Spring has sprung and so too have Southern California shark incidents. At least two separate shark encounters, one of them rather bizarre, have occurred in the last month according to internet website Shark Research Committee (SharkResearchCommittee.com). Both of the incidents involve Great White Sharks, and in one of the incidents the shark measured 15-feet long.
I was waiting for a set for about five minutes when I felt a jolt down on the tail of my board, immediately followed by violent bubble cascade, which sunk the board down about another eight inches
This incident took place at Huntington Beach on March 7, 2008, according to the Shark Research Committee website. It was on this date that Thomas Larkin was surfing near Huntington Cliffs and reported his shark encounter as follows:
“I was waiting for a set for about five minutes when I felt a jolt down on the tail of my board, immediately followed by violent bubble cascade, which sunk the board down about another eight inches. I didn’t really get what was going on as quickly as I should have, but as soon as it begun it had ended and I was apparently alone again. A wave popped up, I paddled into it but pearled because of the water in the nose of my board, I quickly got back on and paddled into the whitewater of the next wave and boogie boarded it to the beach where I emptied the board through the apparent bite mark.”
According to the Shark Research Committee website, the diameter of the bite on Larkin’s board suggests it came from an adult Great White Shark in excess of 15 feet in length.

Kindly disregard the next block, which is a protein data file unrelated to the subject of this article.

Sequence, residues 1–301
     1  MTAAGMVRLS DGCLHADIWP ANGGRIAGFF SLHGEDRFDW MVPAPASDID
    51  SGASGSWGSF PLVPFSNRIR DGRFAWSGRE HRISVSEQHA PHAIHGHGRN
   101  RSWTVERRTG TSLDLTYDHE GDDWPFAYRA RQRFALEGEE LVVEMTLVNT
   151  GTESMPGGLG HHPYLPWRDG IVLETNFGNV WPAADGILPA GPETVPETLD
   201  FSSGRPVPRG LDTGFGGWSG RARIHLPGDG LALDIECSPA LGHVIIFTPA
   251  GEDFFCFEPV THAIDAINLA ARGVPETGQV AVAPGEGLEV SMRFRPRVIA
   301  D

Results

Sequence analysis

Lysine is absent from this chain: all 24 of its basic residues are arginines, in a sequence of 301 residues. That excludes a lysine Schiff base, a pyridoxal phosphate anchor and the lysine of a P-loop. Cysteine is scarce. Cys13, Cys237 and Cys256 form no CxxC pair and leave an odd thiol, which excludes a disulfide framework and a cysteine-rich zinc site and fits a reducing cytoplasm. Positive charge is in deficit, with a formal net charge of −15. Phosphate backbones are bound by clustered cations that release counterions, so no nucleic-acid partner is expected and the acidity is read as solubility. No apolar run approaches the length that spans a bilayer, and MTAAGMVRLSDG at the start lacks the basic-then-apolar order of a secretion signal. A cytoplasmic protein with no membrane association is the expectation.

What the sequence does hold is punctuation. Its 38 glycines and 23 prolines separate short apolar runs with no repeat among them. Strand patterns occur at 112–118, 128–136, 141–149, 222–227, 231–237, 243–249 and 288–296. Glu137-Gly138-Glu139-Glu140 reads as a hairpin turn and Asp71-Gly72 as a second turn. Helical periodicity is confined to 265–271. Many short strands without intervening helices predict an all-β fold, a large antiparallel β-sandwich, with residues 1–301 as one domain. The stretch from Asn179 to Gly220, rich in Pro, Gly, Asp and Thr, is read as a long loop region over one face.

Two days prior to Larkin’s encounter in Huntington beach, on March 5, 2008, a bizarre scene unfolded in front of Kelly Lewis as she walked her dog near trail One at San Onofre State beach. According the Shark Research website, Lewis watched a 6-foot long male Great White thrashing about in the shore break, at one point completely dry docked on a sand bar and on its back. The shark had a bloody residue dripping from its body, according to Lewis’ account on the Shark Research Committee website. Eventually the shark made its way back into the water and disappeared.
The good news is that Lewis took pictures of the event that you can view over at the Shark Research Committee website.
Great White Shark sightings at San Onofre are nothing new. A few summers ago, two Great Whites were spotted by State lifeguards and onlookers near Trail One. In fact, their appearance became such a regular occurrence that local workers planned their lunch breaks around the two sharks.
Whether or not we should be alarmed is up for debate. Northern Californian surfers deal with the Great White Shark reality on a daily basis. Now, it appears, we will have to do the same. Or somebody should call Chief Brody!